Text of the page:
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The Latest: Gov’t relaxes healthy standard for school meals

WASHINGTON (AP) — The Latest on new nutrition standards for school lunches (all times local):

1 p.m.

Schools won’t have to cut the salt in kids’ meals just yet. And they can skip the whole grains and replace the non-fat milk with 1 percent. That’s the word from the Trump administration on Monday.

Agriculture Secretary Sonny Perdue traveled to a school in Leesburg, Virginia, to announce that the administration was rolling back some nutrition standards for federally subsidized school meals.

Former first lady Michelle Obama had pushed hard for her healthy eating initiative, but some schools complained that the Obama administration standards were too restrictive. And some students didn’t like the taste.

Perdue said, “If kids aren’t eating the food, and it’s ending up in the trash, they aren’t getting any nutrition — thus undermining the intent of the program.”

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10:40 a.m.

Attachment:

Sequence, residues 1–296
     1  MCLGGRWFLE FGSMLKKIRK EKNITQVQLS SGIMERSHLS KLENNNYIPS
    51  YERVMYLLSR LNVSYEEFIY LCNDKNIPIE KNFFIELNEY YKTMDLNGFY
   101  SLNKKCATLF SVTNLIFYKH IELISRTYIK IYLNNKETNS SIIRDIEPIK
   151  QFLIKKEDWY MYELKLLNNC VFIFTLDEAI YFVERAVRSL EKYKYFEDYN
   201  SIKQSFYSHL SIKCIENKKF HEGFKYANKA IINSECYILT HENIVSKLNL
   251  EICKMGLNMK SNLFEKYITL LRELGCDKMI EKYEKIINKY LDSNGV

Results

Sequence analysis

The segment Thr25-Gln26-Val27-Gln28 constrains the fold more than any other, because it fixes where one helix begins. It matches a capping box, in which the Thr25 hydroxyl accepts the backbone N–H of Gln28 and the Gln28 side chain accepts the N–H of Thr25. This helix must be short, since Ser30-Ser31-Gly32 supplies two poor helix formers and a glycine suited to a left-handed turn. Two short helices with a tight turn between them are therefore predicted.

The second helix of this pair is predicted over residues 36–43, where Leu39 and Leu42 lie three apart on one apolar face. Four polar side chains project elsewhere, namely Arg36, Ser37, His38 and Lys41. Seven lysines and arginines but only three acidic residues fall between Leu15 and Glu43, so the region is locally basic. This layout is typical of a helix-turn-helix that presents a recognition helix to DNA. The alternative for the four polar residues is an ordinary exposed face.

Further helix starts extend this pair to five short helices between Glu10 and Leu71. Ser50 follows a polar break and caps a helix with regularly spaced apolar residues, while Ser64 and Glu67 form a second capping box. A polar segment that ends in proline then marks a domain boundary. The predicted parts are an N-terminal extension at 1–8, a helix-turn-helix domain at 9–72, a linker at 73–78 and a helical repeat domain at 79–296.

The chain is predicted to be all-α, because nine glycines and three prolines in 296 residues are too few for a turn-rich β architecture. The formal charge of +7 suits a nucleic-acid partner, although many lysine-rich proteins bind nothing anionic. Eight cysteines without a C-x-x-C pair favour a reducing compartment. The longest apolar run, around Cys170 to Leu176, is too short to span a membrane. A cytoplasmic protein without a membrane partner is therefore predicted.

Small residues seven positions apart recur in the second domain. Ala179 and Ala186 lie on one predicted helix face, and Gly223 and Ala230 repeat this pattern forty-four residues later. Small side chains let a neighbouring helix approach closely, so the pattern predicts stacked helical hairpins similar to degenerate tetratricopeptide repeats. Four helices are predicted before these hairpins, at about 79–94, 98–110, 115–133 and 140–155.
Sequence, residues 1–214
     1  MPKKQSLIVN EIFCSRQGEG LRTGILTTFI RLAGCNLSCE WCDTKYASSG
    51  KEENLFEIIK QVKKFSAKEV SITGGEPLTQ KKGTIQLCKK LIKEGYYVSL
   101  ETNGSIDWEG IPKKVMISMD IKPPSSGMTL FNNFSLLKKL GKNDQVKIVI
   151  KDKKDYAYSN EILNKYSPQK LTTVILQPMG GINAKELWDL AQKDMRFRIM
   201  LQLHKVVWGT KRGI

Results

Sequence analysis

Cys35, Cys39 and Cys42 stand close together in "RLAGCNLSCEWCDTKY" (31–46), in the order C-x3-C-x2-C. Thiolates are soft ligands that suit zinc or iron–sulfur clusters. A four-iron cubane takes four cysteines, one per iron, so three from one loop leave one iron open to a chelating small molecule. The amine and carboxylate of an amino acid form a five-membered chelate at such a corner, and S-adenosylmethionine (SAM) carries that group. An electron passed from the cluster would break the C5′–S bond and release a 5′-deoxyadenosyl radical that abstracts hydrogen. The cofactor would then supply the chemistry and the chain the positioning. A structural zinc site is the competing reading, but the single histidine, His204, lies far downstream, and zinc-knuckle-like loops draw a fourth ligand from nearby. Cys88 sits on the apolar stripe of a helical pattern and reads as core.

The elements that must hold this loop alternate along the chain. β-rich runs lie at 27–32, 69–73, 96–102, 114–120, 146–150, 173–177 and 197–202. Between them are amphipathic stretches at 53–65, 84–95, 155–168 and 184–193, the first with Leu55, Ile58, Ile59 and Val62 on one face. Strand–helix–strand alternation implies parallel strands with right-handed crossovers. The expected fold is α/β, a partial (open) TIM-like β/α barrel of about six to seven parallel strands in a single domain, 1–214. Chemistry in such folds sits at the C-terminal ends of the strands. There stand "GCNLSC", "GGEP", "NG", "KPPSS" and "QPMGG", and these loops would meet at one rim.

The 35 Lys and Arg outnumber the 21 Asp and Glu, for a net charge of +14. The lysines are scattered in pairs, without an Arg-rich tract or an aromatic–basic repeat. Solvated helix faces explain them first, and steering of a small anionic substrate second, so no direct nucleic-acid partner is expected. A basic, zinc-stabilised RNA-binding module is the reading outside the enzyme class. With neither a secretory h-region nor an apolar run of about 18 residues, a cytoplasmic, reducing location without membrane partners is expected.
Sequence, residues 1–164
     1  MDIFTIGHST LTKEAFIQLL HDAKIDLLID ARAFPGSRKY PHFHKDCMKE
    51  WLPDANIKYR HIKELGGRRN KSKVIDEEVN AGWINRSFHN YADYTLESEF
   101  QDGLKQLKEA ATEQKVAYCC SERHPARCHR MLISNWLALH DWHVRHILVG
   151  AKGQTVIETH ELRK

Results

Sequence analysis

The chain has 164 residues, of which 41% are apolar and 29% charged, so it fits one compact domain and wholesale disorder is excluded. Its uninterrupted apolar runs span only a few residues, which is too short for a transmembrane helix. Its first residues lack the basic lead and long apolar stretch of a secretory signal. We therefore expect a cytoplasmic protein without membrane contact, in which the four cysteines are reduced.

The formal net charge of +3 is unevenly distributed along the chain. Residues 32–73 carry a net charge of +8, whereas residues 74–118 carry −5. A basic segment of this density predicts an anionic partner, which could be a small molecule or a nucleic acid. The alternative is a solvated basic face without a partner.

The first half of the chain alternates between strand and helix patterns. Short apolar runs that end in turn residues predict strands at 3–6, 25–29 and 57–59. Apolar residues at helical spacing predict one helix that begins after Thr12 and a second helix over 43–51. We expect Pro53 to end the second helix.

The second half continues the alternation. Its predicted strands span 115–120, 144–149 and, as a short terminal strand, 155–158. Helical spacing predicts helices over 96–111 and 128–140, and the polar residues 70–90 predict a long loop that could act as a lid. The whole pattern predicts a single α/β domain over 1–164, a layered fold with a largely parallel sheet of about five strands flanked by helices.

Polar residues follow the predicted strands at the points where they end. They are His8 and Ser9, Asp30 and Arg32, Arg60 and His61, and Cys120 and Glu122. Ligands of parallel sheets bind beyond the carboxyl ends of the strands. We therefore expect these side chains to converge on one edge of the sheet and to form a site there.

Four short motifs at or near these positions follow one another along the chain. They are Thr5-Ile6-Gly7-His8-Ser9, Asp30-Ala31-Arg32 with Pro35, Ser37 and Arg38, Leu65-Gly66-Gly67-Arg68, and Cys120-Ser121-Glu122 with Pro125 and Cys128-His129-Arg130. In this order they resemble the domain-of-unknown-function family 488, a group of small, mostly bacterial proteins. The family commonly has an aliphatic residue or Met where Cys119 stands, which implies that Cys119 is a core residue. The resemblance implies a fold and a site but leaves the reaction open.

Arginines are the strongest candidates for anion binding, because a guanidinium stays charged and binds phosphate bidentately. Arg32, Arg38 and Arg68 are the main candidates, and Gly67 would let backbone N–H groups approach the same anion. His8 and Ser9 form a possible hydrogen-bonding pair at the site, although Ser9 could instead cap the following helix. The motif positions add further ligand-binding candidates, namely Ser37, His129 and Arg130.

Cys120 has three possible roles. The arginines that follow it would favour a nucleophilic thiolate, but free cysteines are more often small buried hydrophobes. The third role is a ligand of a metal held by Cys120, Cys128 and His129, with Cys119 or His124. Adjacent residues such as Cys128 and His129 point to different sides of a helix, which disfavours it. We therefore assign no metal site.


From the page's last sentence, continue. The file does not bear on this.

The Trump administration is preparing to roll back some nutrition standards for federally subsidized school meals, a key part of former first lady Michelle Obama’s legacy.

As his first major action in office, Agriculture Secretary Sonny Perdue is planning an announcement Monday afternoon at an elementary school in the Washington suburb of Leesburg, Virginia. The Agriculture Department said ahead of the announcement that a new rule would provide “regulatory flexibility.”

School nutrition directors have said many of the standards are unworkable. They have argued for changes to whole grain and sodium requirements, in particular, saying it’s hard to make foods that are high enough in whole grains and low enough in sodium that kids will eat.

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